Friday, January 28, 2011

Spaghetti all'amatriciana: Layers of flavor and history

The Via Salaria — the Salt Road — was one of the earliest roads built by ancient Rome to lash together its far-flung empire.

Spaghetti all' Amatriciana at La Conca
Traditional spaghetti all'amatriciana at La Conca in Amatrice, Italy

The actual path of the road predated the Romans — the Sabine people of central Italy would trek down from their mountain redoubts to the mouth of the Tiber river, where they would collect sea salt which at the time was a prized commodity. Today the Via Salaria is labeled the SS4, or Strada Statale 4 (State Highway 4). It's an otherwise mundane two-lane blacktop that overlays the track of the original Roman road, exceptional only in the path of history which it follows both literally and figuratively.

Via Salaria - Salt Road
The Via Salaria north of Rome, Italy

We were driving north on the SS4 from Rome to the small town of Amatrice. It's generally agreed that Amatrice is the birthplace of the classic pasta dish spaghetti all'amatriciana. I'd eaten amatriciana for years when visiting Rome, but like many dishes and cuisines in this part of Italy, the provenance, recipe and ingredients of amatriciana were all in dispute. I decided to visit the supposed birthplace of the dish and find out what an authentic version of amatriciana really tastes like.

First, a few notes about the many-layered history of the dish. The basis for the recipe begins in the 15th or 16th century when migrant shepherds living in a nearby town used readily available ingredients to make the classic dish pasta alla gricia. The ingredients were pecorino (a readily available sheep's milk cheese), guanciale (salt-cured pork cheek), black pepper and dried pasta (the final three ingredients being resistant to spoilage). Pasta alla gricia became known as amatriciana bianca or the "white amatriciana," referring to the color of the sauce made from the pecorino cheese.

Then, sometime in the 17th century, the tomato was introduced to Italy from the New World. It was only then that the Italian love affair with tomatoes began. Tomato sauces became a staple of Italian cooking, and eventually came to define Italian cuisine as it traveled with waves of Italian immigrants all over the world. The classic amatriciana bianca recipe was no match of this pomodoran invasion, and a generous portion of tomato sauce was layered on top of the original shepherd's concoction. Somewhere along the way, red pepper flakes were added to the recipe to give it some spicy heat. Amatriciana bianca had transformed into amatriciana rosso and a canonical recipe was established.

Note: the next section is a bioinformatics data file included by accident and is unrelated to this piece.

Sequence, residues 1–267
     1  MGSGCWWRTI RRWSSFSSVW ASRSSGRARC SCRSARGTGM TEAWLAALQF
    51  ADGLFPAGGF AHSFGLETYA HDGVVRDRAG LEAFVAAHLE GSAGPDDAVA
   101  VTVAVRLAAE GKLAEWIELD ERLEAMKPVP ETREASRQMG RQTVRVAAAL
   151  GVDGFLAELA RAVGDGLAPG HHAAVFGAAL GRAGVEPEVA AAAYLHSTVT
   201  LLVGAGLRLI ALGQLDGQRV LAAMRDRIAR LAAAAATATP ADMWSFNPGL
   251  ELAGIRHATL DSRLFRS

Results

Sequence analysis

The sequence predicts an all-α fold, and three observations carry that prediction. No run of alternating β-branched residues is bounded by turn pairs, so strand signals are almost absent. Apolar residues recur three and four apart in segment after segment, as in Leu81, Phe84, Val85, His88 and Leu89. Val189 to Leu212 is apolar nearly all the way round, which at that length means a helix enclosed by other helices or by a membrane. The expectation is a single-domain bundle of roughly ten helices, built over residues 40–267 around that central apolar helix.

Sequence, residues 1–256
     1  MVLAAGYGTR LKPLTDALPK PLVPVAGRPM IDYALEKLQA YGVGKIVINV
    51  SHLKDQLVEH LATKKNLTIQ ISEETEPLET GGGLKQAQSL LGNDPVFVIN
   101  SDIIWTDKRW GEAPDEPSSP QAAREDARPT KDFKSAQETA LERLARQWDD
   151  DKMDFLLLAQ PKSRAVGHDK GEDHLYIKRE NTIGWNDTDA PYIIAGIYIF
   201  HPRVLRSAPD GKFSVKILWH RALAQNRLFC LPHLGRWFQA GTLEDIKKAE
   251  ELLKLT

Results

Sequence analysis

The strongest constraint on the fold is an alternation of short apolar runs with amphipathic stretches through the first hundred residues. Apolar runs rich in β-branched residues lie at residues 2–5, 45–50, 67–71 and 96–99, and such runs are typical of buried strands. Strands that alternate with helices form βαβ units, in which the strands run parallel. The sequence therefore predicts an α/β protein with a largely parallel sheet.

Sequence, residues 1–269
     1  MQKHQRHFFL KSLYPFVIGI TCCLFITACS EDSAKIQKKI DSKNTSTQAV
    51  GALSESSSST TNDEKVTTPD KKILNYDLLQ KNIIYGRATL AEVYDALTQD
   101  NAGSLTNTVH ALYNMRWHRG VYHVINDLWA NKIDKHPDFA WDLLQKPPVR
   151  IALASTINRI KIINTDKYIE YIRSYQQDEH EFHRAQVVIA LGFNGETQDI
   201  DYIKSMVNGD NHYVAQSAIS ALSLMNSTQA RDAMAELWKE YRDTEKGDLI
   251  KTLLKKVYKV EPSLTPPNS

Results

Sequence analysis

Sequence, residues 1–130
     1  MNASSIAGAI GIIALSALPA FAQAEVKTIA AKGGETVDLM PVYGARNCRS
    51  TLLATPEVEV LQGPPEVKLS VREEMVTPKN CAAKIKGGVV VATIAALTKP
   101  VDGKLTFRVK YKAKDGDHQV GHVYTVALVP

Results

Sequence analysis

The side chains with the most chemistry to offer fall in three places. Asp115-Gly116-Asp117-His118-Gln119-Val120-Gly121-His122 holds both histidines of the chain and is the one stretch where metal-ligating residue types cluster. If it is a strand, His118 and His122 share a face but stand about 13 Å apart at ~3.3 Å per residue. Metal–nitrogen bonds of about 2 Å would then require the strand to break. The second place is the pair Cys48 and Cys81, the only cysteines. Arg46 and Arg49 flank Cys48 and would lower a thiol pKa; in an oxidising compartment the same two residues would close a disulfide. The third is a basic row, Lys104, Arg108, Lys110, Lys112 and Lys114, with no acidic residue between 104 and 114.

Amatrice Italy
The road sign leading into Amatrice, Italy

As we drove into town, a sign announced our arrival into Amatrice. While signs in the U.S. may celebrate a city as home to the largest ball of twine or the local high school football team, city signs in Italy often denote the birthplace of an emperor, or perhaps more importantly, the birthplace of a dish like spaghetti all'amatriciana. Such was the case in Amatrice.

Our destination was Albergo-Ristorante La Conca, a source for traditional amatriciana mentioned in the book Italy for the Gourmet Traveler. The restaurant was empty for lunch on a bright day in November (off season for this area of Italy). But the staff was eager to take care of us; they knew exactly what we wanted when we walked in the door (did we have an American flag painted on our foreheads?). The spaghetti all'amatriciana here hewed to the traditional recipe: pecorino, guanciale, tomato sauce, black pepper, red pepper flakes and dried spaghetti pasta. It was the best I've ever had.

But the story doesn't end there. The amatriciana I ate in Amatrice only vaguely resembled the dish I'd eaten in Rome for so many years. What accounted for the discrepancy? The ancient Romans, of course, were known for assimilating the culture and traditions of its conquered peoples. Similarly, and perhaps even more controversially, contemporary Romans have assimilated amatriciana as a classic dish of cucina romana — the cuisine of Rome.

This next layer in the flavor and history of amatriciana originated when migrations from the countryside (Amatrice) to the city (Rome) brought an influx of regional cooking into the capital city. There, the dish got its own slightly different version of the name: pasta alla matriciana. Ingredients were added in various combinations: onions, garlic, white wine, basil, sage. The pasta is usually bucatini, a thicker, hollow version of spaghetti. Indeed the dish I'd been eating in Rome all those years was bucatini alla matriciana. A delicious dish no doubt, but lacking in the focused simplicity of the classic spaghetti all'amatriciana I sampled in Amatrice.